The Department of Health’s new head of quality, innovation, productivity and prevention, Jim Easton, has vowed to “follow through” on Lord Darzi’s commitment to quality.

National director for improvement and efficiency Jim Easton told HSJ: “There is a slight risk people will see what I’m doing as a shift of direction. It is the opposite - it is continuity in a new climate.”

News of Lord Darzi’s resignation as health minister was broken on last week. He is returning to his work as a surgeon and academic.

Mr Easton was appointed last month to lead quality and efficiency improvement. In his first interview since taking up the post he said Lord Darzi’s legacy would survive.

But he said: “This is about the quality agenda - it is not a distraction from it or an additional thing. Ara is leaving his ministerial post, but he is not leaving his commitment to driving quality in the NHS.

“Certainly the management board is absolutely clear we will follow through on the commitment to quality.”

Mr Easton said preparation for spending cuts meant accepting some changes would be made at a sub-regional, regional or national level.

“I don’t think anyone thinks sensibly you can [make necessary savings] by looking to every local organisation to find every solution. A lot of these productivity gains are not within organisations, they are across boundaries.”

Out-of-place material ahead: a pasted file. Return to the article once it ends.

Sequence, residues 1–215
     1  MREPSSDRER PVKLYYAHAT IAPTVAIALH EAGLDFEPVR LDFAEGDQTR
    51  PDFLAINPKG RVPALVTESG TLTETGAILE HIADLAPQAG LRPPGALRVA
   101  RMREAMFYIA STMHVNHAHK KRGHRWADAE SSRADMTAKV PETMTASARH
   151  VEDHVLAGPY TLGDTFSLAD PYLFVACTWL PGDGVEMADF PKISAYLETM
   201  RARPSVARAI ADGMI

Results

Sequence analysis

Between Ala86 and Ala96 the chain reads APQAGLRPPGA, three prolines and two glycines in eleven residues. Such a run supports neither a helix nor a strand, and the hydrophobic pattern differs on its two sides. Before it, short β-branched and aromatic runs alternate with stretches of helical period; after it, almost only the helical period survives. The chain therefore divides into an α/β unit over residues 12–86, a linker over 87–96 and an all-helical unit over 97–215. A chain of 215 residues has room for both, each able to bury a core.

Local discussions in coming months should include the “size and shape” of the workforce, Mr Easton said. Trusts have also been asked to suggest policy changes to contribute to the 2010-11 operating framework.

Mr Easton said innovation would “link” quality and productivity. Above “invention” itself, he emphasised the importance of spreading already successful and productive practices more quickly.

NHS medical director Sir Bruce Keogh said Lord Darzi had “embedded a scale of clinical leadership and involvement in running the health service that hasn’t been achieved before”.

This was now “pretty firmly embedded in the minds of the senior people running the NHS”, he said.

Sir Bruce said: “The great thing was having a guy like Ara as a minister, because ministers can have a huge influence.

“He has managed to embed clinical quality in the minds of everybody and he has also managed to link that to the importance of clinical leadership.

“The question is how we stimulate that debate [among] clinicians and middle grade managers on the shop floor.”

Sir Bruce said Lord Darzi was “right at that point where he has an opportunity to make a major contribution to surgery itself”.

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Darzi’s legacy

Robert Winter, NHS England medical director

“There is now an enthusiasm and momentum behind Lord Darzi’s work that will ensure it continues. The NHS medical board has very much taken quality as the main driver of all the changes we are hoping to introduce.”

Steve Field, Royal College of GPs chair

“The system is getting doctors into leadership roles and only someone who was both a doctor and minister could have pushed it as hard and got away with it.”

Professor Sir Neil Douglas, Academy of Medical Royal Colleges chair

“Lord Darzi has made a major contribution to a development that was taking place anyway in terms of embedding clinical leaders in decision making processes to the benefit of patients.”

David Dalton, Salford Royal foundation trust chief executive

“Any suggestion of trying to improve organisations centrally is doomed to failure. All the evidence shows staff on the ground know the things that can drive change and stop it happening.”